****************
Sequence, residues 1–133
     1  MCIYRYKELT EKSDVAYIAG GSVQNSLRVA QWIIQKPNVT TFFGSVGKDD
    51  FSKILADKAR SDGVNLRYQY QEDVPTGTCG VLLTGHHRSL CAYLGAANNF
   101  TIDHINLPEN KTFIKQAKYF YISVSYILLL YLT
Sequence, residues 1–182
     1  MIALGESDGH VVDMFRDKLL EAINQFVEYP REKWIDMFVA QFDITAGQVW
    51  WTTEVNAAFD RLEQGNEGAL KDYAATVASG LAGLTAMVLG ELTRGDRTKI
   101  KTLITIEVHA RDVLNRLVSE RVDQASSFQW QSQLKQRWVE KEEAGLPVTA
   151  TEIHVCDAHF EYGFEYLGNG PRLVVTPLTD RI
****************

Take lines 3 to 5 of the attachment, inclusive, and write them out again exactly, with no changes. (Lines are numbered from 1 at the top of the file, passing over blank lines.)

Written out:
    51  FSKILADKAR SDGVNLRYQY QEDVPTGTCG VLLTGHHRSL CAYLGAANNF
   101  TIDHINLPEN KTFIKQAKYF YISVSYILLL YLT
Sequence, residues 1–182